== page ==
Brutal Intellectual Honesty

I’ve been reading a book called Legacy Of Ashes, which is an exhaustive history of the CIA since its founding more than 50 years ago through to 2007. Reading spy stories is always enthralling, but surprisingly, the book is a fascinating case study in management.

The major theme of the book is the value of intellectual honesty, a principle which was often forgotten according to the research compiled by the author. In case after case, from the Korean War to the Bay of Pigs invasion to the second Gulf War, there were consistent organizational failures to present candid assessments of data and a consistent pattern of deception to further political motives.

In contrast, Dominic Orr, the CEO of Aruba Networks, describes his management philosophy of brutal intellectual honesty in this 4 minute Stanford video.

I’m paraphrasing a bit here, but this is the kernel of wisdom from the video:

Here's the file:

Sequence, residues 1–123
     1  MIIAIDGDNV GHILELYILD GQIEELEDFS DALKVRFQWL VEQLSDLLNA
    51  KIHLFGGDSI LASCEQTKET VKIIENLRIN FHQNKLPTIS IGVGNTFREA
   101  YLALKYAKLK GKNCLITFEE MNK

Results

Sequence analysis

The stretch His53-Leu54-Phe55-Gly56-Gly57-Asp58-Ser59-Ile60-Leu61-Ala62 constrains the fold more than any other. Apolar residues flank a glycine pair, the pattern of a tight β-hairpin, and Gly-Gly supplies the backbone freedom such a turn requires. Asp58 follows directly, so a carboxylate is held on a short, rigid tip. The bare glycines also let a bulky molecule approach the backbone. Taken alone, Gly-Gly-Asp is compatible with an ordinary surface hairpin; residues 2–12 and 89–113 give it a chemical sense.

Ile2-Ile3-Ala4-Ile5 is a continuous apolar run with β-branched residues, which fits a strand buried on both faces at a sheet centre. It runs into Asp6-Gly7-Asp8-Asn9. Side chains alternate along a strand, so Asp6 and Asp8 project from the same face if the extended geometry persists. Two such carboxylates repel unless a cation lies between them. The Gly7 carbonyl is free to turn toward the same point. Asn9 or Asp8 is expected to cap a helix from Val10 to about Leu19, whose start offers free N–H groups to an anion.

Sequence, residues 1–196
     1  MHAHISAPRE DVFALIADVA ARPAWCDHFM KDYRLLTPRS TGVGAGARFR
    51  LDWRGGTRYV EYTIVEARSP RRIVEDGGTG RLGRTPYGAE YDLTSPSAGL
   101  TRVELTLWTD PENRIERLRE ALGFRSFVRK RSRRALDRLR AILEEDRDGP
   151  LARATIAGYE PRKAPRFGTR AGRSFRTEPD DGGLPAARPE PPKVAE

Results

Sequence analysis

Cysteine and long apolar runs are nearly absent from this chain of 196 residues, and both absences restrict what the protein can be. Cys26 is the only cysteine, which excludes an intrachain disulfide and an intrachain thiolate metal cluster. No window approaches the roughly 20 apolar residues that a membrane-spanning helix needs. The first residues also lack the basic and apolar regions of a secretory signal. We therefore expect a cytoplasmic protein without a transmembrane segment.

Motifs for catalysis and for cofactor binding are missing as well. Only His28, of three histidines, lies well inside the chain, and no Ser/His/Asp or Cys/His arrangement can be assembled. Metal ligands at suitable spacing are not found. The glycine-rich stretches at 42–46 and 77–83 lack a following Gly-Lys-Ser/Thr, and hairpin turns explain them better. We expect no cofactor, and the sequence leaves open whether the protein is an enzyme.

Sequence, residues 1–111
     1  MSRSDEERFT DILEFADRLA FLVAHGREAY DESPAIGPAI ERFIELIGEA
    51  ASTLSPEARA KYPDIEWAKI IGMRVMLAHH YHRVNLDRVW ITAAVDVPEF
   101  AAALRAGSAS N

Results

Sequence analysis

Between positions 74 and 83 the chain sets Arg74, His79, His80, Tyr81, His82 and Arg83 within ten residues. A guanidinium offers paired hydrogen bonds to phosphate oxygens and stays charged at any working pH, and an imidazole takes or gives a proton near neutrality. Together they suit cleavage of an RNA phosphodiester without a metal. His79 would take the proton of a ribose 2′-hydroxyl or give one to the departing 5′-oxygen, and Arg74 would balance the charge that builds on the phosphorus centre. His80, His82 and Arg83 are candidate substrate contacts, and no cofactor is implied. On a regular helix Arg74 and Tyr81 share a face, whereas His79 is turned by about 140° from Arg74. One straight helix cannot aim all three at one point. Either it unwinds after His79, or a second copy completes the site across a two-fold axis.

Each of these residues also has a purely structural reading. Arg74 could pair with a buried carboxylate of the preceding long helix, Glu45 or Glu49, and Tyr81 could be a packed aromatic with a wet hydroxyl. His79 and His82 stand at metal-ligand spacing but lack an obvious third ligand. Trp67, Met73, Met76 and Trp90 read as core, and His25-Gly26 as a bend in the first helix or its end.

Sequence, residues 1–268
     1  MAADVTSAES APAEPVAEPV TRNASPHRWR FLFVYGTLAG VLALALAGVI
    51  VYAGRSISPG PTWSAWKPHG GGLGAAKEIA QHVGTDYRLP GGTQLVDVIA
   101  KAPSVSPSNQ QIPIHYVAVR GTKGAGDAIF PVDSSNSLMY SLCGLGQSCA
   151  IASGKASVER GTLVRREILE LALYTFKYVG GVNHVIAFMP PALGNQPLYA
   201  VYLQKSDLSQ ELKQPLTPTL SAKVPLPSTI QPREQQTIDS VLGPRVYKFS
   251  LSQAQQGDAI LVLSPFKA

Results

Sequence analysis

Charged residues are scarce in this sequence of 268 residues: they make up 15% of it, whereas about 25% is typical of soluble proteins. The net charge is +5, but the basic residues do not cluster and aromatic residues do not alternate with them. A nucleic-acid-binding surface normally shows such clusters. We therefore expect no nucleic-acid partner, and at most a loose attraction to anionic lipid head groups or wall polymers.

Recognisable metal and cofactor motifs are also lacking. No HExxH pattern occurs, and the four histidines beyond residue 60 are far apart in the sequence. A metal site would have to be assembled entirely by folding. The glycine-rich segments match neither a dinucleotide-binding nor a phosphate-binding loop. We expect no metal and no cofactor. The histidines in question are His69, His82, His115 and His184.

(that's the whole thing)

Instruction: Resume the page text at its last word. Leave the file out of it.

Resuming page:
Brutal intellectual honesty. There are too many decisions to make in too little time. You want to get all the facts on the table, have an honest debate for a period of time, and at the end of the time, make a decision and go. Once ego becomes involved, people have to find a way to save face, which is incredibly time wasting. And if you recall, time is the only competitive resource we have.

According to Dominic, to elicit intellectual honesty from a management team demands coaching and counseling team members individually, so each person is comfortable enough in their environment and confident enough in their own opinions to speak their mind freely. Only then can a team determine the best route to pursue.

This is not an easy task, but all great teams have this working relationship. It’s something we all should aspire to achieve.

Published 2014-12-02 in Best Practices 


Read this next: